‘We Should Embrace Things That Are Unique To New Canaan’: First Selectman Questions Suggested Change out of Charter Revision


In suggesting that the first selectman should no longer serve as chairman of a major funding body in municipal government, the volunteers now studying New Canaan’s main governing document are creating a problem where none has ever existed, the town’s highest elected official said.

New Canaan FIrst Selectman Rob Mallozzi

New Canaan FIrst Selectman Rob Mallozzi

It doesn’t appear that any active members of the Board of Finance favor making a change to the group’s chairmanship, First Selectman Rob Mallozzi said in an interview.

“Certainly it is a unique situation in New Canaan but it is one that absolutely works,” he told NewCanaanite.com. “It is almost like the Charter Revision Commission has sought to create a problem that did not exist.”

“The volunteers that are the active on the Board of Finance are very, very pleased with the present setup of things and have found it extremely workable for them. I believe that they want to get answers as to what was the driving force for Charter Revision Commission to suggest such a change when such a change was not brought to the Charter Revision Commission by members of the Board of Finance.”

The comments follow the Charter Revision Commission’s votes in favor of changes to the role of the first selectman with respect to the finance board. As it is, Chapter 5, Section 3 of the Charter says that the first selectman serve as chairman and an ex-officio member of the Board of Finance, casting only tie-breaking votes. As chairman, the first selectman sets the group’s agenda.

Last week, Charter Revision Commission Chairman Dave Hunt confirmed, the group voted in favor of keeping the Board of Finance an appointed (not elected) body, for its chairman to be elected annually by its members, for the first selectman to continue casting only tie-breaking votes and to serve ex-officio, but not as chairman. At its meeting, some members of the commission said they’re  important changes to make in order to preserve checks and balances in government, considering that the Board of Selectmen itself nominates finance board members. As an ex-officio member, the first selectman would continue to have a seat at the table and in executive session, but would no longer set the group’s agenda as chairman, under the commission’s recommendation, Hunt said.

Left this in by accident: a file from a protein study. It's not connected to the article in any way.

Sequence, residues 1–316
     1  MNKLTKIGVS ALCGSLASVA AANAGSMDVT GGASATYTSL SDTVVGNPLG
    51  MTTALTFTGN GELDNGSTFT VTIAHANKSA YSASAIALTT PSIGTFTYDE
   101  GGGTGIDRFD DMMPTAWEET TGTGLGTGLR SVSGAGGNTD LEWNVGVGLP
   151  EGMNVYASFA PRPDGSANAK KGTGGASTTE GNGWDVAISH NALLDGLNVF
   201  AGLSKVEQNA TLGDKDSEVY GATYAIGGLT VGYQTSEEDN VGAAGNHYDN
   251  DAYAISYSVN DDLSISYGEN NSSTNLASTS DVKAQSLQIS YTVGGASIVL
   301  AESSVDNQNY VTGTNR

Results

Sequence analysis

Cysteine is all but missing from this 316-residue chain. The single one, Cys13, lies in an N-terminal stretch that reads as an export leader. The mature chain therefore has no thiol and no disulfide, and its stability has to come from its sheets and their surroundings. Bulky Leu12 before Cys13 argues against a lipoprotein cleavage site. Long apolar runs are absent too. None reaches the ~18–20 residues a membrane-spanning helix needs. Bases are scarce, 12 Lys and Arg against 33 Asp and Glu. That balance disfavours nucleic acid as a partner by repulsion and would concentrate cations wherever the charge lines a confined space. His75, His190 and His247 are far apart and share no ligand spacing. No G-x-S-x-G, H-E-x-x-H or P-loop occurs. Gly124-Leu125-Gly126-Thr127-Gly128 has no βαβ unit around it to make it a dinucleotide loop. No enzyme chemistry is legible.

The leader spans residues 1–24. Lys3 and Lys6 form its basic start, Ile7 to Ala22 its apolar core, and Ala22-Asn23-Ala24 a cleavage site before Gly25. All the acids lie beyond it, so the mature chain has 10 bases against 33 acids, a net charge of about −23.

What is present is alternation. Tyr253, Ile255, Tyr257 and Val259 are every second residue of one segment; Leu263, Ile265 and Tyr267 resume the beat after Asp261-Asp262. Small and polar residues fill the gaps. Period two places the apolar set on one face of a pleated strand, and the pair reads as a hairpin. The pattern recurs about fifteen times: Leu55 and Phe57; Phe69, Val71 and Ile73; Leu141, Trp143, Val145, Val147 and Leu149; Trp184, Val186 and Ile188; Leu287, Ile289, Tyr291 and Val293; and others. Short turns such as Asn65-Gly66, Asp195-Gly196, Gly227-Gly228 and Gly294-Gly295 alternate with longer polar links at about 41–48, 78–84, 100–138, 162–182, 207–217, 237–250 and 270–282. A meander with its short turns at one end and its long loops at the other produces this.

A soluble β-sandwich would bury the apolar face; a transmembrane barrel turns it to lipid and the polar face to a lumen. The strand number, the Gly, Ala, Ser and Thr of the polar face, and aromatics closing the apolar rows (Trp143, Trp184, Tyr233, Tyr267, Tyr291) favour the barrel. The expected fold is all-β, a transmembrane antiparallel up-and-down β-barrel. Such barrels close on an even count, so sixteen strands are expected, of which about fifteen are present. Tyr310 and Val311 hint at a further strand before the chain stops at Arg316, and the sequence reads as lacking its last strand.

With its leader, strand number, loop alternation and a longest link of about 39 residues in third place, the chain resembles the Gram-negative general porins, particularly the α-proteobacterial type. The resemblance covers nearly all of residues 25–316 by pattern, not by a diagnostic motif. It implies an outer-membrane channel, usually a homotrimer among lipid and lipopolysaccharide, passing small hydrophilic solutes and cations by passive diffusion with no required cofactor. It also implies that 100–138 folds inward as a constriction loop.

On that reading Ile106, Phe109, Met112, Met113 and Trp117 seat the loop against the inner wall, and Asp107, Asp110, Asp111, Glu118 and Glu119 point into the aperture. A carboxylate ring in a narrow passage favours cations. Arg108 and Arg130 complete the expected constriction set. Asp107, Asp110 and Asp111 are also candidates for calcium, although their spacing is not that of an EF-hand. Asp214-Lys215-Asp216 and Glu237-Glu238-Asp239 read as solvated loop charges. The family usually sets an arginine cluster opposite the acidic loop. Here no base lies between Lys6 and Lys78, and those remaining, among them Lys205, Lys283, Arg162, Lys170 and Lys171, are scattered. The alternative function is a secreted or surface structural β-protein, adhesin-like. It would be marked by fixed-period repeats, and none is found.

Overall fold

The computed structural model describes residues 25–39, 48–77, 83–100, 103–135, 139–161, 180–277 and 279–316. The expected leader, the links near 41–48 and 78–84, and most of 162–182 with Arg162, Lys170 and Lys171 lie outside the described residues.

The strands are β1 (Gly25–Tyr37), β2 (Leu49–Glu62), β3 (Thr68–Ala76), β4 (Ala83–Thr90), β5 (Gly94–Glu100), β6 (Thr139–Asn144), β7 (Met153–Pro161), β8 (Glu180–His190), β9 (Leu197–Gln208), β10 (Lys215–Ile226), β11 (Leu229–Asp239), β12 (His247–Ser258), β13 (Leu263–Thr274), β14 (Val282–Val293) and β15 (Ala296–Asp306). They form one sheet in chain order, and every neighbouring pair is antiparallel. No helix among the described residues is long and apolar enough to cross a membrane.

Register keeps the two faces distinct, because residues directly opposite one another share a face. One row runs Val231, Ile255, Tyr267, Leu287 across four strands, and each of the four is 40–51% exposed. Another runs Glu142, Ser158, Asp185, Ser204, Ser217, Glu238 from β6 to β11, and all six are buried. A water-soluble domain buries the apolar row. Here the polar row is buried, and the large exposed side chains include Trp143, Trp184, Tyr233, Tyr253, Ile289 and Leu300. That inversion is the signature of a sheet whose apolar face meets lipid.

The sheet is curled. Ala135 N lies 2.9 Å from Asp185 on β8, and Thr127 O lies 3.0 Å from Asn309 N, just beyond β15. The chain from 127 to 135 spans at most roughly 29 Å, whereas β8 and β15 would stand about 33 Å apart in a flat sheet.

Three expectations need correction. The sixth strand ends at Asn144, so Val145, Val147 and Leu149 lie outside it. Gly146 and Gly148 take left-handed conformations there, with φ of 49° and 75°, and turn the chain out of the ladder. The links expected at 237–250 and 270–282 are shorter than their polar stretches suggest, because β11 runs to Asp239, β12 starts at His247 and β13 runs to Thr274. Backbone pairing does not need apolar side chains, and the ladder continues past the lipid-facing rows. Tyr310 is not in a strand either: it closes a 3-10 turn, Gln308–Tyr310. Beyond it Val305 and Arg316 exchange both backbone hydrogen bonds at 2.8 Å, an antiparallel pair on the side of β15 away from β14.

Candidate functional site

The group’s recommendations are to be presented to the Town Council and, if supported there, put out to a town-wide vote during November’s general elections. The commission’s job is to get suggestions for changes directly from the heads of municipal departments and volunteer boards and commissions.

Mallozzi said that Hunt would appear before the finance board next month and that the group would like to see documentation that demonstrates the suggested changes to the first selectman’s role on the funding body did, in fact, come from those interviewed.

“The fact that we have 11 volunteers actively engaged in the Board of Finance, many of whom sit on the boards of directors of major corporations and run businesses with dedicated financial professionals, that are extremely happy with the present system should mean a lot and should inform, I think, to a greater degree where the discussion should go,” Mallozzi said.

Though other lower Fairfield County towns handle their own boards of finance differently than New Canaan, that’s not necessarily a bad thing, he sad.

“I think it does make New Canaan unique and sometimes we should embrace things that are unique to New Canaan because in the end they work,” he said.

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